Difference Between Array and ArrayList in Java

In this article, we will learn the difference between Array and ArrayList in Java. This is one of the frequently asked interview questions for beginners.

Difference between Array and ArrayList in Java

Fixed Size vs Dynamic Size 

The size of an Array in Java is fixed when it is created. You need to know the size of the array at the time of its creation and it doesn't change. 
int[] numbers = new int[5]; // Array of size 5
// Adding elements to the array
numbers[0] = 1;
numbers[1] = 2;
// We can't add more than 5 elements, doing so will result in ArrayIndexOutOfBoundsException.
On the other hand, ArrayList is dynamic. It can grow or shrink at runtime as needed, which makes it more flexible when you don't know how many elements you're going to have.
ArrayList<Integer> numbersList = new ArrayList<>(); // ArrayList
// Adding elements to the ArrayList
// We can keep adding elements, the ArrayList grows automatically.

Type: Primitives vs Objects 

An Array can contain both primitive data types (int, char, etc.) and objects, while an ArrayList only accepts objects, not primitive data types.

int[] intArray = new int[5]; // Array with primitive type
ArrayList<Integer> intArrayList = new ArrayList<>(); // ArrayList with object type


An Array is faster and uses less memory as it does not offer dynamic resizing, but when you need the dynamic nature, ArrayList is more efficient because it automatically resizes itself if it gets full.

As per my experience using Array and ArrayList, here are a few important points:
Memory usage: An Array is generally more memory-efficient than an ArrayList. This is because ArrayList, in order to maintain its dynamic size, uses more memory than Array to store its elements.

Processing speed: For basic operations, such as accessing elements at a given index, Arrays can be slightly faster than ArrayLists because arrays are a simple data structure with elements stored in a contiguous block of memory. But this difference is generally negligible and would only become noticeable with a very large number of elements. 

Adding or removing elements: Here is where ArrayLists shine. If you need to frequently add elements to or remove elements from your list, especially at the end of the list, then an ArrayList is likely to outperform an Array. This is because resizing an Array is a costly operation, as it involves creating a new array and copying elements from the old array to the new one.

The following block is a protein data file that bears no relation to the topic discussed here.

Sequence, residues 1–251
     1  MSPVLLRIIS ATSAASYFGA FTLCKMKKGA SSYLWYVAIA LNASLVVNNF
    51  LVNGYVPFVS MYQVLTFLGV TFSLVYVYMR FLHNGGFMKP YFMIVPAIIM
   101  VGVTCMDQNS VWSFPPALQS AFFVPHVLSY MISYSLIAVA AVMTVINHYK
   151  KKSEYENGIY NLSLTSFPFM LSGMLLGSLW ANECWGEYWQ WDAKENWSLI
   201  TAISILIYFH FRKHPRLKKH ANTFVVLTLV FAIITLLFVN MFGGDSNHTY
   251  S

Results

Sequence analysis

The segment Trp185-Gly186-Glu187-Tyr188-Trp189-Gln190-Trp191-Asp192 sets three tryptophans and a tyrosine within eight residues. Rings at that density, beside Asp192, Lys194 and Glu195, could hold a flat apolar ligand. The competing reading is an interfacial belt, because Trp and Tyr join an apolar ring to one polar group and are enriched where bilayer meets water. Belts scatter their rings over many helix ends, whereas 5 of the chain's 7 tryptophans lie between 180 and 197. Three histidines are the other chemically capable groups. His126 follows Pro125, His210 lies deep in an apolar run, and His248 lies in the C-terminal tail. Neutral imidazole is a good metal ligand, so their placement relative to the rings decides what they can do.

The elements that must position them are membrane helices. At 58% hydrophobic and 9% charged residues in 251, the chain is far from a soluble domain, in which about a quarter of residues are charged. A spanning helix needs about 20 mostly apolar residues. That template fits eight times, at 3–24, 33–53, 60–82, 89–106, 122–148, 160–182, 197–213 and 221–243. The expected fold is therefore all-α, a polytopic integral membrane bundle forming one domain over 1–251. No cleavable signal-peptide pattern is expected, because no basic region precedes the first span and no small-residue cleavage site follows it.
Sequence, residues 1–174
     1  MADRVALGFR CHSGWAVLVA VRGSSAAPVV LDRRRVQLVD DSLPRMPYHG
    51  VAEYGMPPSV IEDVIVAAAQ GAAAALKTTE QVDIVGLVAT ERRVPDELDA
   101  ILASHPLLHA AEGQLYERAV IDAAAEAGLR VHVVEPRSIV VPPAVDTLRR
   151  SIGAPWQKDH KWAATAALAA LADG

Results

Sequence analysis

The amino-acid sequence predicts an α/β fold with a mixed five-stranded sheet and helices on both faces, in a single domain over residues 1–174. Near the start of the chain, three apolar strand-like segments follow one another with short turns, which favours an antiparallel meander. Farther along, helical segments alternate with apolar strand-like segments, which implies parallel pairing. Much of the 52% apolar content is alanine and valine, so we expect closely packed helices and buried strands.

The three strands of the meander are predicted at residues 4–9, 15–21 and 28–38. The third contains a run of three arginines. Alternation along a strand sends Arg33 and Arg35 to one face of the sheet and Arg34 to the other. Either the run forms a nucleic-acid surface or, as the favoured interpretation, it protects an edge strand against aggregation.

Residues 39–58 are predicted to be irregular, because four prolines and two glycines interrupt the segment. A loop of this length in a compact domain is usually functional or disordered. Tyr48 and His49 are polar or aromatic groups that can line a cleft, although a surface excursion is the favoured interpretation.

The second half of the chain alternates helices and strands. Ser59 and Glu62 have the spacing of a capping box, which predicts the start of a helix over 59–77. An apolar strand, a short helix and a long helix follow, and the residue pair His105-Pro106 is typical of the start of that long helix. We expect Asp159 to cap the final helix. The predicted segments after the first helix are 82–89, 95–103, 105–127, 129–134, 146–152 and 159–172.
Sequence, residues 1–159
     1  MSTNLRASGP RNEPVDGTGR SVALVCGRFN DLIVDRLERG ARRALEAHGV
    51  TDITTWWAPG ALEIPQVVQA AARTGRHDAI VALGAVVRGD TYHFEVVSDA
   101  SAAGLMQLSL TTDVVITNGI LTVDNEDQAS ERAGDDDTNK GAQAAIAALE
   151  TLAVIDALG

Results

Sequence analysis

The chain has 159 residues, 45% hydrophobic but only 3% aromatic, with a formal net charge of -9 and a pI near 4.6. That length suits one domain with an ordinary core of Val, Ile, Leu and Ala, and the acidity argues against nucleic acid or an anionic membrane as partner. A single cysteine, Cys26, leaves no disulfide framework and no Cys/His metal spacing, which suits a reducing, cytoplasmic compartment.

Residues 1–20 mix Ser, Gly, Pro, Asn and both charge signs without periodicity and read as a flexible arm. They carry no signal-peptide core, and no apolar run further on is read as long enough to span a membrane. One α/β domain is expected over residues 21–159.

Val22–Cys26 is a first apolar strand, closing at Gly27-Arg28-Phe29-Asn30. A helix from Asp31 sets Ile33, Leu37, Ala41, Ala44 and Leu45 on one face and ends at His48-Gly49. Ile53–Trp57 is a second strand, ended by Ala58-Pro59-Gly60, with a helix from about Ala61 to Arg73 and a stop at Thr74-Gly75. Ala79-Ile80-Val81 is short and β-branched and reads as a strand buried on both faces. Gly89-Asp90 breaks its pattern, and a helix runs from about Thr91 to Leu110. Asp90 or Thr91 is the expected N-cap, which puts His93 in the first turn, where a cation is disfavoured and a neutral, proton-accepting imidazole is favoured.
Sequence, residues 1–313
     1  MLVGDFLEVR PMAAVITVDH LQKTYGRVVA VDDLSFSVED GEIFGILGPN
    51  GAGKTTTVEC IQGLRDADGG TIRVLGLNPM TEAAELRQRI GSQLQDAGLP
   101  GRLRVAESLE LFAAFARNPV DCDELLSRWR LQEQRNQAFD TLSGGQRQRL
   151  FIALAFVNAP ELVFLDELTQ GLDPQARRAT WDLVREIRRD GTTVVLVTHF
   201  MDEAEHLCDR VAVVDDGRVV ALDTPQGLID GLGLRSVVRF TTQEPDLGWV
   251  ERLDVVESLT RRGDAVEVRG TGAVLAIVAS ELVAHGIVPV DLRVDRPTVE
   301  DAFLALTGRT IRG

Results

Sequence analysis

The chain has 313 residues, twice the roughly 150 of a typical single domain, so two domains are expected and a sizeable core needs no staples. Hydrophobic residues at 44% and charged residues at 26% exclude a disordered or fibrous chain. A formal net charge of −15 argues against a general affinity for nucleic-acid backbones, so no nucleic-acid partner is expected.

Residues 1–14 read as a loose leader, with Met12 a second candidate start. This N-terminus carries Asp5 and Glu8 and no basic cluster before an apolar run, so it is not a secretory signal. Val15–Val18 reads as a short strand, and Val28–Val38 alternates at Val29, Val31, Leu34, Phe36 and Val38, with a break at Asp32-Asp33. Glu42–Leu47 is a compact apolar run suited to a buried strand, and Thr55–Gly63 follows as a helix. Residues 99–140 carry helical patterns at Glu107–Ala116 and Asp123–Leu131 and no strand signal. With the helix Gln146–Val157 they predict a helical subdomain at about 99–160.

Traversing elements: Both Array and ArrayList provide similar performance when it comes to traversing elements. However, if you are using features of the Java Collections Framework (like Iterator, algorithms, etc), ArrayList provides a much richer and more convenient interface.


ArrayList is more flexible because it comes with built-in methods for adding, removing, and querying elements provided by the Collection API, whereas with arrays, you have to manually code these functionalities.

For example, ArrayList provides add() method to insert an element into ArrayList and we can use the assignment operator to store elements into Array.

ArrayList.add() method:
        List<String> animals = new ArrayList<>();
        // Adding new elements to the ArrayList
Assignment operator to store elements into Array:
// initialize primitive one dimensional array
int[] anArray = new int[5];

anArray[0] = 10; // initialize first element
anArray[1] = 20; // initialize second element
anArray[2] = 30; // and so forth


In general, if you know the number of elements in the collection upfront, and this number won't change, an array is a good choice. If you need more flexibility or don't know the number of elements in advance, an ArrayList would be a better option.

In simple words, use an Array when you know that the size is fixed, and use ArrayList when you don't know about the size of elements.

Array and ArrayList Example

public class ArrayArrayListExample {
    public static void main(String[] args) {
        // Creating an ArrayList of String using
     List<String> animals = new ArrayList<>();
        // Adding new elements to the ArrayList
        String[] arrayOfAnimals = new String[4];
        arrayOfAnimals[0] = "Lion";
        arrayOfAnimals[1] = "Tiger";
        arrayOfAnimals[2] = "Cat";
        arrayOfAnimals[3] = "Dog";
        for (String string : arrayOfAnimals) {
[Lion, Tiger, Cat, Dog]


  1. how can you say that arrays is unordered

    Unordered : Both does not guarantee ordered elements.

    1. You are correct, Array and ArrayList preserve the insertion order. This point may be removed.


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